The article reports on the finding of the Treasury Inspector General for Tax Administration:
Nearly one-third of the employees from 2008 to 2013 caught cheating on their taxes received at least one bonus or raise within a year of being disciplined, investigators reported. These rewards include nearly $145,000 in bonuses, almost 900 hours of time-off awards and 30 temporary and permanent promotions.
…”Some employees had significant and sometimes repeated tax noncompliance issues, and a history of other conduct issues,” the report said. “Moreover, management had concluded that the employees were not credible. Nonetheless, the proposed terminations were mitigated by the IRS Commissioner.”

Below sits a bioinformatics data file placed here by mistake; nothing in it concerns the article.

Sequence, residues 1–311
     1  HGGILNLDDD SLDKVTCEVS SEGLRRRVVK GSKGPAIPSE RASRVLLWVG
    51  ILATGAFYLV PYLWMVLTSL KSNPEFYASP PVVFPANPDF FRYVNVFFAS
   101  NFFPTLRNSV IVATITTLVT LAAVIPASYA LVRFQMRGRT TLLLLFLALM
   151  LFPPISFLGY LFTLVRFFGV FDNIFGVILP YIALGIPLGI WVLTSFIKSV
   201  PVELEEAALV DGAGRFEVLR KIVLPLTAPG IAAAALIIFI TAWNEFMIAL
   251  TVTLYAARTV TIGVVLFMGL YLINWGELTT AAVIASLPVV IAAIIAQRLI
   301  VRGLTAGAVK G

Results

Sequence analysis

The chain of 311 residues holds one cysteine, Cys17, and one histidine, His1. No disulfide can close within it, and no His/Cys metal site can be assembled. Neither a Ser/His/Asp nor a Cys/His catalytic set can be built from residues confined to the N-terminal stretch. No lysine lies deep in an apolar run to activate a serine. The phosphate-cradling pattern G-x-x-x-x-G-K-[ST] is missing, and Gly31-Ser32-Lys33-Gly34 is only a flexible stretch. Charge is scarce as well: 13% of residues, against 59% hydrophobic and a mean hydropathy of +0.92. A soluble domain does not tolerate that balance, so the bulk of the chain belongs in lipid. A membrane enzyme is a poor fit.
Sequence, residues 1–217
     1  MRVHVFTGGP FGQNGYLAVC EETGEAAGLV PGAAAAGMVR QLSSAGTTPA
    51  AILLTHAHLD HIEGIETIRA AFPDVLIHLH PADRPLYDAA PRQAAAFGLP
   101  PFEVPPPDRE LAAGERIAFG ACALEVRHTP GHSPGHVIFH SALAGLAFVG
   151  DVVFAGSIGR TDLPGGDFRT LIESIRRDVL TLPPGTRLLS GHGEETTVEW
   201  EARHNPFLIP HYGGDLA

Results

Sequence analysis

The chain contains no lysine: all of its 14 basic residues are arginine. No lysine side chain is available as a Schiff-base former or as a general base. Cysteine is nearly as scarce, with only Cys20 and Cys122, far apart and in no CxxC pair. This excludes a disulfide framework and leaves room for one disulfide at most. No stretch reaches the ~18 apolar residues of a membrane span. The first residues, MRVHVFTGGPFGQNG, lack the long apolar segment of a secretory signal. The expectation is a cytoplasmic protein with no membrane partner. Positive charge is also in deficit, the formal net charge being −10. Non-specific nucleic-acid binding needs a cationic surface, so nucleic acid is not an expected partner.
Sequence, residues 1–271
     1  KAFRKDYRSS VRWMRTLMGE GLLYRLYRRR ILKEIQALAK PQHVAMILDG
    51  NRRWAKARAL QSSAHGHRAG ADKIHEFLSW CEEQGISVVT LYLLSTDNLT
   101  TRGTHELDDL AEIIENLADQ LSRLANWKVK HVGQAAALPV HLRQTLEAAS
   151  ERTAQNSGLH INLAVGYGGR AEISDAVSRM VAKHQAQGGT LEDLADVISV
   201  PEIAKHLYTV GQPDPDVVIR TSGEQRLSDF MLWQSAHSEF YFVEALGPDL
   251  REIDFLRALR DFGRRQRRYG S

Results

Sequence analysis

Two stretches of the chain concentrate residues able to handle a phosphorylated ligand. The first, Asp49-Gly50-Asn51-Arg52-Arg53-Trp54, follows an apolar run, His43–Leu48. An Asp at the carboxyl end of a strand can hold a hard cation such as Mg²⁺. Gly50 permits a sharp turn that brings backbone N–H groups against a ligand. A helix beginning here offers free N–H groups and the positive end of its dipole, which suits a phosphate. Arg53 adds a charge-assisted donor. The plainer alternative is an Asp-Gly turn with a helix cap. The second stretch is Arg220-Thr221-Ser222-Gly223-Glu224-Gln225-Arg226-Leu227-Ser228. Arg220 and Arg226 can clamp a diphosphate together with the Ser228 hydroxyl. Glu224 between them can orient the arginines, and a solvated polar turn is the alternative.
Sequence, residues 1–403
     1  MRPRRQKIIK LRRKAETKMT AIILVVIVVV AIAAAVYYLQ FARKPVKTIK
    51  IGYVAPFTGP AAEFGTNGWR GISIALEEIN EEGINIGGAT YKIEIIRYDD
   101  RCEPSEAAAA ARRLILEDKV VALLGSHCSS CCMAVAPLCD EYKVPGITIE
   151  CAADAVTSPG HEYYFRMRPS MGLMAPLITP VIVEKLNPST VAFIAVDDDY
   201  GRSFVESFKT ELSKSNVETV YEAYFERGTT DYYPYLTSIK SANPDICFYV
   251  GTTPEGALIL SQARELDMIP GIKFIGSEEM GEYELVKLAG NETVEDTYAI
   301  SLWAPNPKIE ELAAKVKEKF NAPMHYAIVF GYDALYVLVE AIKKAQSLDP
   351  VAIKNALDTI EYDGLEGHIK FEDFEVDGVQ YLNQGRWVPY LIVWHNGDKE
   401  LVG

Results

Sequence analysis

Federal law requires that IRS employees guilty of intentional tax law violations must be terminated, unless mitigated by the IRS commissioner. Since the IRS doesn’t have a policy to document the reason why intentional tax violators aren’t fired, it was unclear why the employees received lesser discipline.
It is time for Congress to come up with a tax code that abolishes the IRS. Aside from becoming political, which it was never supposed to be, it has also lost any moral bearing it might have had.